Different religious takes on whether we can see God or not.
By Michelle Kim —
[dropcaps]A[/dropcaps] man robed in white. A flowing beard. A host of angels in the sky, and a finger extended outward. This is probably the most famous portrait of God, but did Michelangelo get it right when he painted the Sistine Chapel ceiling? How can you paint someone you cannot see? Or can you?
One such individual who claimed to have encountered a spiritual being was Prophet Muhammad, whom Muslims believe to be the last prophet sent to humanity. Appointed by Allah through an angel, there are differing stories that retell this divine meeting. In one such account, Muhammad describes how this angel, by the name of Gabriel, appeared to him in a cave that he would frequently visit to pray and meditate. The only description given was that the angel took the form of a man and that no matter where he looked in the sky, the angel stood with his feet on the horizon. Though this encounter records how a spiritual being can be seen or described in a physical sense, the same cannot be found in various passages within the Quran when it comes to seeing Allah:
“There is nothing like Him, but He is All-Hearing, All-Seeing.” (Quran 42:11)
“Vision cannot grasp Him, but His Grasp is over all vision.” (Quran 6:103)
According to the Quran, the human eye cannot see Allah because there is nothing on this earth comparable to him, nor is there anyone like him. Yet there are still followers of Islam who claim to have seen a being seated on a throne or covered in light with their own two eyes. Many refute that these personal spiritual experiences are not valid and is not the proper way for Allah to reveal himself as recorded in the Quran. However, these descriptions of the throne can be found all throughout a different set of religious texts, the Bible:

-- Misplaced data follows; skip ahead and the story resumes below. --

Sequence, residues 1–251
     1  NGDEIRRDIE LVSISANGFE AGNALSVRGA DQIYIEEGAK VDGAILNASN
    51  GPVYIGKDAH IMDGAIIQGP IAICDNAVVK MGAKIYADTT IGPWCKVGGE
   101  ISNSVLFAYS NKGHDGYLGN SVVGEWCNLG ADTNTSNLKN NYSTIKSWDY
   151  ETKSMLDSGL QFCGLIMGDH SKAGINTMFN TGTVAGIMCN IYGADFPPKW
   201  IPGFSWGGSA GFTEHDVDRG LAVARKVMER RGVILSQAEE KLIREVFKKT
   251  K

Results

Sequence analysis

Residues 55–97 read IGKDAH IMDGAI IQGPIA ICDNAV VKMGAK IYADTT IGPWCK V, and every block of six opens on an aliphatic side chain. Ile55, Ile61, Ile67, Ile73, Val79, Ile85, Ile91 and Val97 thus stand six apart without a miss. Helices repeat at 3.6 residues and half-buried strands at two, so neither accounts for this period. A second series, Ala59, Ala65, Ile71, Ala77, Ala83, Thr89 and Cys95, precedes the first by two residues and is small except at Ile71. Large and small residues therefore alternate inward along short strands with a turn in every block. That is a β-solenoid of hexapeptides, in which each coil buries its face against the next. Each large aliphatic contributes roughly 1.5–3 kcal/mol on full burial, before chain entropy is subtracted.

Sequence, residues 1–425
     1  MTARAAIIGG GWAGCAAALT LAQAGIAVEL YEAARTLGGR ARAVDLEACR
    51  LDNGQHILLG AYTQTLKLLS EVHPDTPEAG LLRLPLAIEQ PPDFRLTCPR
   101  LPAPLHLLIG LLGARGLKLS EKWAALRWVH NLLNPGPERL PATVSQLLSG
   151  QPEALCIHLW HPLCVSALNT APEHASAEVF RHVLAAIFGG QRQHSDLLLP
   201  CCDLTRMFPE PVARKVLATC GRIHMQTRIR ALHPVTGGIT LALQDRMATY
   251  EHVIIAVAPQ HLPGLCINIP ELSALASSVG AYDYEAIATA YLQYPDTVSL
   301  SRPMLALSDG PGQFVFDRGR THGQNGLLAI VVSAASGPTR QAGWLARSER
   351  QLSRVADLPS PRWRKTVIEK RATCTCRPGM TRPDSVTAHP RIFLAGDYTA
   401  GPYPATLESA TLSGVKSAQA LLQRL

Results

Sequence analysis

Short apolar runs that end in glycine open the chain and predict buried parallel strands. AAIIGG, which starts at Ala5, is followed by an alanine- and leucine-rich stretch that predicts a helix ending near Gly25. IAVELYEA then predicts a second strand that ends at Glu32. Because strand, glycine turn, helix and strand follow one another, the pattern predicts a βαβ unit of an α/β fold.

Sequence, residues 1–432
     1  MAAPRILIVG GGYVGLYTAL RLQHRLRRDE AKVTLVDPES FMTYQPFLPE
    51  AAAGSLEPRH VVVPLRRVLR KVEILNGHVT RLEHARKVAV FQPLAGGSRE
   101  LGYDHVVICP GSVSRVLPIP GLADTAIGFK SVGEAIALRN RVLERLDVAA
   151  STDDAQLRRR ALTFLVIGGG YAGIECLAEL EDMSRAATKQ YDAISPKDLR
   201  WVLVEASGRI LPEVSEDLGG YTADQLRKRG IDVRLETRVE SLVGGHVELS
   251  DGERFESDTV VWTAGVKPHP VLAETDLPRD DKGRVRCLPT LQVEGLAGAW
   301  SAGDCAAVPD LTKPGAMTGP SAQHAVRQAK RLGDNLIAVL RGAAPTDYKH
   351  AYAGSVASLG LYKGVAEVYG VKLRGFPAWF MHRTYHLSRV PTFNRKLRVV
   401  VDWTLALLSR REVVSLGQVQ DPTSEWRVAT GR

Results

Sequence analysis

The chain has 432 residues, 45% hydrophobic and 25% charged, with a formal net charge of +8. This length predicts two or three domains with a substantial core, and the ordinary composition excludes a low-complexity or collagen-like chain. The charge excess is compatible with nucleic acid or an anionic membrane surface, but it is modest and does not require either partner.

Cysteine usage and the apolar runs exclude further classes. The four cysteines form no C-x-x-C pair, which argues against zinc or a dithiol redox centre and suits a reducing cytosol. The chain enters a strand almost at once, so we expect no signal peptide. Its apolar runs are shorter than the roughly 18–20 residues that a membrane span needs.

“The LORD has established His throne in the heavens, And His sovereignty rules over all.” (Psalm 103:19)
“Then I heard every creature in heaven and on earth and under the earth and on the sea, and all that is in them, saying: “To him who sits on the throne and to the Lamb be praise and honor and glory and power, for ever and ever!” (Rv 5:13)
It may be a foreign sight for Muslims, but for Christians, the throne of God, is a familiar depiction found within their scriptures. Having visions of what the throne of God looks like may be criticized by some Muslims, but within the Bible, there have been many characters, such as Moses, Ezekiel, and Apostle John, who recorded these visions. Understanding what the throne looks like and consists of, however, does not necessarily equate to seeing God, himself. That is because other verses within the Bible, hold to the following:
“But He said, “You cannot see My face, for no man can see Me and live!” (Ex 33:20)
“who alone possesses immortality and dwells in unapproachable light, whom no man has seen or can see. To Him be honor and eternal dominion! Amen. (1 Tim 6:16)
Hence, according to the Bible, God is a spiritual being who cannot be sought after with physical eyes or else everyone that attempted to do so, would die. In the religion of Hinduism, however, many believe that there is one true god, Brahman, who is in fact, within every person or appear in the world as avatars. Hindus are encouraged to seek after these many forms of Brahman and believe that God is present within all peoples and creation.
Whether Michelangelo got it right or not–regardless of the form, depiction, or portrayal of God that is claimed by one individual, in order to determine a true encounter with God is to confirm through the religious texts established within each religion. Then seeing with just one’s eyes is not necessarily believing, but seeing with the eyes of one’s mind can provide a more accurate picture of who God is.